Photo credit: Blake Myers

In 1991, Las Vegas’ most upscale restaurants were located in, and operated by, the hotels on the Strip, just as they had been since the early days of the mega resorts. But that was soon to change after a conversation that Sheldon Gordon had with Wolfgang Puck, who had established his enormously successful restaurant, Spago, in 1982 on the Sunset Strip in Hollywood, California. 

Puck already had won the prestigious James Beard Foundation “Chef of the Year” award in 1991 (and would go on to receive future James Beard honors as “Outstanding Restaurant of the Year” in 1994 and “Chef of the Year” again
in 1998).

Gordon, who built the luxurious Forum Shops at Caesars Palace with Simon and Associates, approached Puck about opening Spago within their center, but the superstar chef initially was reluctant to consider it. However, he was persuaded eventually to take the gamble, and Spago opened in December, 1992.

Wolfgang’s arrival here, as the first “celebrity chef” to open his own independent restaurant, is widely credited with being the catalyst for the avalanche of many more “superstar” restaurateurs. The procession has continued to this day, as most of the resorts now make concerted efforts to attract the restaurants of world-class chefs to their own properties.

Spago became a huge success, and in subsequent years Chef Puck opened Postrio at The Venetian in 1999, Trattoria del Lupo at Mandalay Bay in 1999 and Wolfgang Puck Bar & Grill at MGM Grand in 2004.

In 2006 he introduced CUT in the prestigious Beverly Wilshire Hotel in Hollywood, and received “Restaurant of the Year” recognition the same year from Esquire magazine. Michelin awarded him One Star in 2008.

So it was a natural progression for him to expand his growing reputation here by establishing CUT at The Palazzo in June, 2008. To insure the restaurant’s success, Puck selected two members of his Spago team: Gianni Toffanello as General Manager and Roberto Garcia as Assistant General Manager. Impressively, they are still overseeing the restaurant more than eleven years later. Accomplished Executive Chef Matt Hurley has been with the Puck organization since 1995 and also came to CUT from Spago.

Many decades of Puck’s success are embodied in the restaurant’s interior. It presents a sleekly-modern appearance and makes extensive use of mirrored surfaces and impressive lighting. An elegant raw bar was added to the front part of the restaurant in November, 2018 and the remainder of the restaurant also received a make-over.

The extensive wine list, overseen by Wine Director Tim Wilson, has selections for virtually all tastes. Sommelier and Assistant Beverage Manager Damian Jordan estimated their holdings at 5,000-7,000 bottles worth an estimated one million dollars. Categories include: Wines by the Glass, Champagne & Sparkling, Half Bottles, Large Format Bottles, Sauvignon Blanc, Riesling, Esoteric Whites, Chardonnay-USA, Chardonnay-France, Pinot Noir-USA, Pinot Noir-France, Esoteric Reds, Sangiovese, Super Tuscan, Nebbiolo, Grenache-France & Spain, Syrah-France & USA, Shiraz-Australia, Tempranillo, Cabernet Sauvignon-USA, Cabernet Sauvignon-France, Merlot-France, Merlot-USA, Zinfandel, Malbec, Sweet Wines and Port and Madeira. Their corkage fee is $50.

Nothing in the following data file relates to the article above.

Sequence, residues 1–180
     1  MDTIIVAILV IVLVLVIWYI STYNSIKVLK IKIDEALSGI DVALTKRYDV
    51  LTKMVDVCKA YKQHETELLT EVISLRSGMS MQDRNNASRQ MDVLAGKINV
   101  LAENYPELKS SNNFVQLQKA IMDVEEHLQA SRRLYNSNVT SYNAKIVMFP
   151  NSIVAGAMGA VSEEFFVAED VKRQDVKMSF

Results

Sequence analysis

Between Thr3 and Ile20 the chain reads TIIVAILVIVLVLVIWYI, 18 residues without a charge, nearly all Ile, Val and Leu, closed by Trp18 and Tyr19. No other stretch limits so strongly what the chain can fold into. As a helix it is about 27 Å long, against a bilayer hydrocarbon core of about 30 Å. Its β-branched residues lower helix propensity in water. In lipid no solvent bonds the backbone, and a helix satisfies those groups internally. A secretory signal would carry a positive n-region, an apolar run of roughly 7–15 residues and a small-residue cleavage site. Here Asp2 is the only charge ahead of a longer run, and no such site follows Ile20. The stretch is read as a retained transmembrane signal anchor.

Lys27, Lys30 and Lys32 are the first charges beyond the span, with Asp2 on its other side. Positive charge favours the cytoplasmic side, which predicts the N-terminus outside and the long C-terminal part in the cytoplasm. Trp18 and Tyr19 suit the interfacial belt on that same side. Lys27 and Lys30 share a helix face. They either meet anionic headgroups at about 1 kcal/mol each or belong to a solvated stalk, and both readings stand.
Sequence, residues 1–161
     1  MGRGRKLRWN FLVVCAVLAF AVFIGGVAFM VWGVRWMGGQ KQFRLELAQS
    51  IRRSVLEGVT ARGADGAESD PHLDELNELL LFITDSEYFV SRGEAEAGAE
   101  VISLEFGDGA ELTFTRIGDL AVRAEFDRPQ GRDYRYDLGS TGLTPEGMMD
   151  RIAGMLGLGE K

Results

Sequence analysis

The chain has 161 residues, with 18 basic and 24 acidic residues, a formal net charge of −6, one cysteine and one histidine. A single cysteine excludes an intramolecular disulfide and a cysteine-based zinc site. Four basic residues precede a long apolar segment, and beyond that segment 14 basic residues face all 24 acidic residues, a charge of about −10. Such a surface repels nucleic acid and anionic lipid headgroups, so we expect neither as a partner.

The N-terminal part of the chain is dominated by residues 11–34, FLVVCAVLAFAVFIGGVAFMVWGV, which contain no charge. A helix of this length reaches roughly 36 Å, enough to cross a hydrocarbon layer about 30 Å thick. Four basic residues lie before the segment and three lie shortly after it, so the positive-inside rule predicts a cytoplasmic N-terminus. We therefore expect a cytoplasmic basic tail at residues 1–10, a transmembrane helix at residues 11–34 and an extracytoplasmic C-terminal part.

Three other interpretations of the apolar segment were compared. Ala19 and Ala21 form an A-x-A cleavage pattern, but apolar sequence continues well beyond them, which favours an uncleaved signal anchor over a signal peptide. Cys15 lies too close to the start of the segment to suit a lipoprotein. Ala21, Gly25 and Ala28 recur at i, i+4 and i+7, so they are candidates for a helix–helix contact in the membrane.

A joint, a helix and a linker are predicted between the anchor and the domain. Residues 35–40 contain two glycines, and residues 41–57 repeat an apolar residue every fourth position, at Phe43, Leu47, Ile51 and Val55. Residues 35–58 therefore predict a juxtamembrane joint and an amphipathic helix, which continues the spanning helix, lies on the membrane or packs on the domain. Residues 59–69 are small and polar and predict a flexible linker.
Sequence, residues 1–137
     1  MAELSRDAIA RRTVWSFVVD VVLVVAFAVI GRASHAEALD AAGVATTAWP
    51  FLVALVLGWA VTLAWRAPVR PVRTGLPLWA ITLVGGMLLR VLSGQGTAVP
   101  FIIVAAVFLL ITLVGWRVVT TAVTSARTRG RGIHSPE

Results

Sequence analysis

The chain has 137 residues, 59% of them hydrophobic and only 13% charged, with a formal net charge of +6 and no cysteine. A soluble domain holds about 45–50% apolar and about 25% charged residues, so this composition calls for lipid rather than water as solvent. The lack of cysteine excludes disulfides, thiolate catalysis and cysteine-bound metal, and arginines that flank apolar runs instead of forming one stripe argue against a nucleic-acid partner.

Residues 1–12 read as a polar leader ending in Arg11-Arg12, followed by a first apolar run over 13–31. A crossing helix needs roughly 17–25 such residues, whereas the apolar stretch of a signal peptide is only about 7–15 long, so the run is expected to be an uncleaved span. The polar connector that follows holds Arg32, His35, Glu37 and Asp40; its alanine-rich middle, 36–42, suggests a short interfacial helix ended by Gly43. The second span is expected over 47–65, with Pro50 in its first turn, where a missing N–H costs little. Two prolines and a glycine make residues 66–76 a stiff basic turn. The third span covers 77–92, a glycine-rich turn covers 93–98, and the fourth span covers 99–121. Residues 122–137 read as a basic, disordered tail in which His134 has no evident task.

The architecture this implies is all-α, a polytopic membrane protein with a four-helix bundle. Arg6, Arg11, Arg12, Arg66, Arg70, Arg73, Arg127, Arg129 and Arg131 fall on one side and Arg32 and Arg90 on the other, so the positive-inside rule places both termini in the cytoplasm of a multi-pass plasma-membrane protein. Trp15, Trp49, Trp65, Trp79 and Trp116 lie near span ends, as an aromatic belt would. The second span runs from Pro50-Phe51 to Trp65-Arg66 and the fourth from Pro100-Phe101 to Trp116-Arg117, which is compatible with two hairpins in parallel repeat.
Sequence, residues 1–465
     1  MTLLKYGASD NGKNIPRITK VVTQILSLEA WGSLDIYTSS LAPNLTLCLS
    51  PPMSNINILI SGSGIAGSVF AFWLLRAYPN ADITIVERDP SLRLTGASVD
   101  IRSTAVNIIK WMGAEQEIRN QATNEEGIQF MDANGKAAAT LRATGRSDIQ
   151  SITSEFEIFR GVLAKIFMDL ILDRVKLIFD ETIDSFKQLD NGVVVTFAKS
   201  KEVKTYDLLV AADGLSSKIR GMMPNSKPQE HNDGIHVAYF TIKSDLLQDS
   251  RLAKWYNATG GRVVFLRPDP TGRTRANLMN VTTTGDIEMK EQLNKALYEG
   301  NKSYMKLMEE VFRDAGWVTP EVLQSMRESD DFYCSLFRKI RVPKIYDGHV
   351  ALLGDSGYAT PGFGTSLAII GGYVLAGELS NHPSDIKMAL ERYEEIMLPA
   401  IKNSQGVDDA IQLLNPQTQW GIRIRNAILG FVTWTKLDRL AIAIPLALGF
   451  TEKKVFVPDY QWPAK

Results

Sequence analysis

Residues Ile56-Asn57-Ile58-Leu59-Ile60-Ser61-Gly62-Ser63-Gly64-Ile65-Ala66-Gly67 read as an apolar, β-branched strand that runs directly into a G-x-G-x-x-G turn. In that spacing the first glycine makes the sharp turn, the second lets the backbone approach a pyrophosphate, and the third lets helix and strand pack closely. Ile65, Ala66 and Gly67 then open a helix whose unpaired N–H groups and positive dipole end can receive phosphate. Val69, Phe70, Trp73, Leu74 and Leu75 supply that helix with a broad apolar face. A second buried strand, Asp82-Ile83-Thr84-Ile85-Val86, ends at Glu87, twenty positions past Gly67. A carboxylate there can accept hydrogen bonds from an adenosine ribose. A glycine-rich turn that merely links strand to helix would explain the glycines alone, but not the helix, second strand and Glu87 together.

Though this is the quintessential steakhouse, the menu offers many impressive seafood selections, as well. For appetizers you’ll be tempted by big eye tuna “cones” with nori, micro chives and kaluga caviar; Alaskan king crab & Carolina shrimp “Louis” cocktail with spicy tomato horseradish; and Japanese Hamachi sashimi with yuzu ponzu, sliced radish, jalapeno and micro cilantro.

Entrees include sautéed Dover sole “meuniere” with preserved lemon, shallots and parsley; pan roasted Stonington Maine lobster with black truffle emulsion; and crispy fried whole New Zealand tai snapper with jasmine rice, toasted garlic, chili soy and cilantro scallion salad.

At some point in your meal you may wish to indulge in CUT’s distinctive selection of twelve imported and domestic artisanal cheeses as you choose from cow, goat and sheep milk varieties. 

The beef selections include a dazzling array of foreign and domestic sources and cuts, beginning with the Japanese pure-bred Wagyu from four distinct prefectures (regions) in Japan: Hyogo, Miyazaki, Hokkaido and Kagawa. Each has its own individuality, and as a special off-menu decadence, can be combined as an entrée. Other prime beef origins are Illinois corn-fed, aged 21 days; Nebraska dry aged 35 days; American Wagyu from Snake River Farms, Idaho and grass-fed from California. 

All categories provide choices of rib eyes, NY sirloins and filet mignons. Of particular note are the Larger Cuts: a 34-oz porterhouse, a 34-oz American Wagyu porterhouse and the spectacular 50-day dry aged Tomahawk rib chop at 40 oz.

And you must save room for Pastry Chef Nicole Erle’s decadent desserts, such as the ingenious banana cream pie, pumpkin spice roll cake or Valrhona chocolate soufflé.

Make CUT your destination and see if it isn’t a “cut” above your recent restaurant experiences.